Central Presbyterian Church

Massillon, Ohio

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Text:  Luke 5:27-32

         Psalm 103:1-5

      This morning, we join Jesus early in His ministry as He’s in the process of calling those who would

become His inner-circle of disciples.  The first days of Jesus’ ministry were marked by growing, if not

explosive popularity, with the exception of the incident at the synagogue in His hometown of Naza-

reth, when they were ready to throw Him off a cliff when he dared suggest He was fulfilling Jewish

prophecy.  By and large, His early reception was akin to the initial months of a new pastorate in a new

town.  Everyone says, “You should meet our new pastor.  She’s awesome!  What a sermon she

preached a few weeks ago on the second coming.  And the baptism she did last week.  She had half the

congregation in tears.”  So it was with Jesus. 

"Eden Among US"

Genesis 2: 4-23

Revelation 22: 1-6


Text: John 15:1-11

        Psalm 133

      It occurs to me that what we consider one of the greatest advancements of human civilization

may, in time, be regarded as one of human civilization’s greatest ironies, and greatest pitfalls.  We

live in an era in which the technology of internet, cyberspace, social media have made communi-

cation and exchange of information lightning fast; widespread, bridging every nation on earth; as

if we’re in one another’s living rooms.  What comes forth from my mouth (or from my fingers) can

be in the ear (or on the screen) of anyone on earth within seconds.  That quickly, I can spread a

good word, or a word that’s not so good.  This is a technology which was only a dream in the

minds of NASA scientists a few generations ago.  Now it’s a reality in the hands of just about

every man, woman and child on this globe. 


Mark 4: 26-29

2 Peter 3: 8-9, 14-15a

      There is a widespread malady which is afflicting a large percentage of people in today’s society.

The range of symptoms are broad and varied, but pretty predictable.  It’s an affliction, the signs of

which are first observed at a very young age, and only worsen over time.  This disease would be

classified as congenital, chronic and progressive.  It’s most dangerous, not only in its own right, but

also because of its many complications; associated with everything from migraine headaches, to

elevated blood pressure, to heart attacks, to digestive disorders.  This malady, in indirect ways,

probably sends many to an early grave.  There is no argument that this disease robs life of much of its

joy.  And it is likely that seven out of ten of us sitting here this morning are in its grip.

"A Sacred Deposit"

Acts 20:25-28, 32 (NLT)

2nd Timothy 1:13-14 (NIV)

"Still In The Storm"

Text:  Mark 4:35-41

1 Kings 19:9-15a

This morning, we begin with the question which is asked at the end of the story:  “Who then is

this, that even the wind and the sea obey him?”  At first blush, the story seems to center on a

power which is so great that it controls even the very forces of nature.  And the climax of the story

rises upon the swell of Jesus’ command to the turbulent sea: “Peace!  Be still!” This is a common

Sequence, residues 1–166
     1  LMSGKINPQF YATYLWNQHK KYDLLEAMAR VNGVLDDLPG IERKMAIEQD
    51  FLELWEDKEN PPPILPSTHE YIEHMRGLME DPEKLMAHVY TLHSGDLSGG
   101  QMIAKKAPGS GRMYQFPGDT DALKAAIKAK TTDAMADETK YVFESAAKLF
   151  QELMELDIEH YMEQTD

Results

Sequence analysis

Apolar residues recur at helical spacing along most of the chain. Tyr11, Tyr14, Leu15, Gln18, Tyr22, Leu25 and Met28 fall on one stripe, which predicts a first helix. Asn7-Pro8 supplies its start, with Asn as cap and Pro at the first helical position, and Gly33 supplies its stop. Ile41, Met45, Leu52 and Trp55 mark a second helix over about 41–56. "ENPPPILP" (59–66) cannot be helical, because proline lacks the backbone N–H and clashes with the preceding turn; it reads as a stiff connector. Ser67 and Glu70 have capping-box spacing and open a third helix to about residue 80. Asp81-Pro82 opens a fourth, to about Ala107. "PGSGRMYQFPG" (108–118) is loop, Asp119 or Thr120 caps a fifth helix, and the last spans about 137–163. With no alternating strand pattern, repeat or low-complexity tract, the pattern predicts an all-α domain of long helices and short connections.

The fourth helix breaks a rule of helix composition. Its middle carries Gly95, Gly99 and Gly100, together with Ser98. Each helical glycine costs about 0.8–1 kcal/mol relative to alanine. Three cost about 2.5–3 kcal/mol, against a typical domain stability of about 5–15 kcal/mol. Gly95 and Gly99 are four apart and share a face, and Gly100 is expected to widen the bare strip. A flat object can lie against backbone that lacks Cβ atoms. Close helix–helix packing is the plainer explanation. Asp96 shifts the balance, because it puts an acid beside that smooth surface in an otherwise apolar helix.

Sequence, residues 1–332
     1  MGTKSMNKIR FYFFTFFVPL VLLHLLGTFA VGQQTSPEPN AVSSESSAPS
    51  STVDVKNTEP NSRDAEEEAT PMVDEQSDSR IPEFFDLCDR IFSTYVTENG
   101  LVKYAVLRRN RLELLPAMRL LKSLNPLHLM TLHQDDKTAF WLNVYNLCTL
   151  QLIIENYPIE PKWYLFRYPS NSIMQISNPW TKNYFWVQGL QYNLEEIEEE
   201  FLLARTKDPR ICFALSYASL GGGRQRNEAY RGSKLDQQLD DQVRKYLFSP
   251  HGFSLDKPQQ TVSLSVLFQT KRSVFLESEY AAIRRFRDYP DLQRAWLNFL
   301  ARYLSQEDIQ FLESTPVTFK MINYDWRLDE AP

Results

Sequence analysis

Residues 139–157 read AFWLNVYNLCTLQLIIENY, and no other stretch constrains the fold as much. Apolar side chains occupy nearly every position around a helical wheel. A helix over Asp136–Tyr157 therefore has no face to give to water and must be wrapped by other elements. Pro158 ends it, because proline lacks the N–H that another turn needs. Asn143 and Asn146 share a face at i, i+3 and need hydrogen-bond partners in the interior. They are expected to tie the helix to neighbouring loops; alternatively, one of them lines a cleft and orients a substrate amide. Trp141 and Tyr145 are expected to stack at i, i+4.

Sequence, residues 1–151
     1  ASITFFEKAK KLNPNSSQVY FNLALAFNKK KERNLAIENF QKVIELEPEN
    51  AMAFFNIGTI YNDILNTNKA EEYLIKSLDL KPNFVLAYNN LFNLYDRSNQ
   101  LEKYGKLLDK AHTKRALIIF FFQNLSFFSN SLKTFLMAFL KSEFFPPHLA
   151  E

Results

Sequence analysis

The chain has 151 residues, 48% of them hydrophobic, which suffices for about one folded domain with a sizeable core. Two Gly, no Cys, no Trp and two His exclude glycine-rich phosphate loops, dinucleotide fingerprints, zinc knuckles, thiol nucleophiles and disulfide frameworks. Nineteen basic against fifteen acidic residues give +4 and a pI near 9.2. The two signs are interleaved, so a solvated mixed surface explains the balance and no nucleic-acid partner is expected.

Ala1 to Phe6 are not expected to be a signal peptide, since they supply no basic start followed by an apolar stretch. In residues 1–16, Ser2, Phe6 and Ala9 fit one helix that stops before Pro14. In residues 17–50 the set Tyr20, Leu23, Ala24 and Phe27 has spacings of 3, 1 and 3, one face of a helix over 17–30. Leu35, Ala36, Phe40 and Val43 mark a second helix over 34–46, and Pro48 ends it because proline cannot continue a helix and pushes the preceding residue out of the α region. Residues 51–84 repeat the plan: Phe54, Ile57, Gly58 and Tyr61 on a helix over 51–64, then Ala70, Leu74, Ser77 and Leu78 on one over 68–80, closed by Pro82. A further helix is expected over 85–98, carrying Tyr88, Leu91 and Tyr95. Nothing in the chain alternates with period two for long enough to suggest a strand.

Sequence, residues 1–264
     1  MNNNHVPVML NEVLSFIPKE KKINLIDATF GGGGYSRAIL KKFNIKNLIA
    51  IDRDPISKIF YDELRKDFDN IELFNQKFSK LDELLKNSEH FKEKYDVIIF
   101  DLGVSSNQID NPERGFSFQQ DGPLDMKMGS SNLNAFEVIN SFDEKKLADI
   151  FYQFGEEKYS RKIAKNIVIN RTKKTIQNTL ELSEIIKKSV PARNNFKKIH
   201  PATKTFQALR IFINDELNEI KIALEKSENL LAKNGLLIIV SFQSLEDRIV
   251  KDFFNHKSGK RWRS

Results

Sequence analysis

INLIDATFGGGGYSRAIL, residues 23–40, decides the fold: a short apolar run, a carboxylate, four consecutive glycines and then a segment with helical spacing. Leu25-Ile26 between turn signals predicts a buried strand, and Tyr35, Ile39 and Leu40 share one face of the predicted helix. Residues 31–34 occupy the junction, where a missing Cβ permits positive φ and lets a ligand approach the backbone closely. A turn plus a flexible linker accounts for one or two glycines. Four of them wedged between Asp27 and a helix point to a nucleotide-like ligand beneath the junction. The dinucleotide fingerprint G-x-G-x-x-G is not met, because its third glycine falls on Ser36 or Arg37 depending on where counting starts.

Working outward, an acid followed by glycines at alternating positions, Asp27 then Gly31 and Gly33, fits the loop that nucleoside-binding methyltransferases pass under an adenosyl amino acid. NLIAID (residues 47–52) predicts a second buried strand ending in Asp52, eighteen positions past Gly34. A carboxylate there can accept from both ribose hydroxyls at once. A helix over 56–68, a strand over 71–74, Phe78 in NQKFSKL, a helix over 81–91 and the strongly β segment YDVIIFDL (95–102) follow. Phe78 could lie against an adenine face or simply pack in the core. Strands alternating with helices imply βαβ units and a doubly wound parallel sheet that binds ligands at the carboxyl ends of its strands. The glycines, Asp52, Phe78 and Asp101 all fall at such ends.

translation of the Greek words piopa pephimoso which literally mean: “Stop speaking, and be

muzzled!”  In the Greek language of the day, this term was often used in exorcism when evil

spirits were bound by the healer’s word of authority.  Here, Jesus wields the same verbal auth-

ority over the wind that He rebukes and the sea that He calms.  How Jesus pulled this off, we do

not know.  What we do know is that the power Jesus possesses is beyond any and all explanation. 


 Hebrews 12:18-24

 Exodus 19:16-22


        When I was in 7th grade, I had a woodshop teacher by the name of Mr. Klim.  [Anyone

remember when classes like woodshop, mechanical drawing, and home economics were a part

of every junior high curriculum?]  Mr. Klim was the biggest, scariest beast of a man I’d ever   

seen.  To my twelve year-old eyes, he seemed to be about seven foot tall; must have weighed

at least three hundred pounds; his shoulders every bit of four feet across.  Even his muscles had

muscles.  To top it off, Mr. Klim had a marine drill sergeant-styled crew cut.  When he got saw-

dust in that crew cut, he would just run a wire brush over his head.  Then he would do the same

to the thick fur which covered his forearms.  Rumor among the seventh graders was that he

once stopped a table-mounted circular saw with his teeth.  Now I don’t know about that, but

no one in Coraopolis Junior High School would deny that Mr. Klim was one tough, scary dude!

"A Christian View of Work"

2 Thessalonians 3: 6-13

Genesis 2: 15



For most of us, the beginning of September marks the ending of so-called “vacation season.” The

kids are back in school.  The family outing to the beachfront condo is beginning to seem an ancient

memory.  It’s back to the grind for that long haul between Labor Day and Thanksgiving.  And as we

settle back into our daily routines, many of us in the workplace may begin to feel like:  Isn’t there

anything more to life than to get up, get dressed, go to work, come home, then rest for the demands

of tomorrow’s work, all the while thanking God that Friday’s coming. 

"Who is in Your Parable?"  CRE Michael Baker

"Fire" - Rev. Sue Ann Schmidt

Central Presbyterian Church

47 Second Street NE
Massillon, Ohio 44646

Telephone: 330-832-7455
Fax: 330-832-7102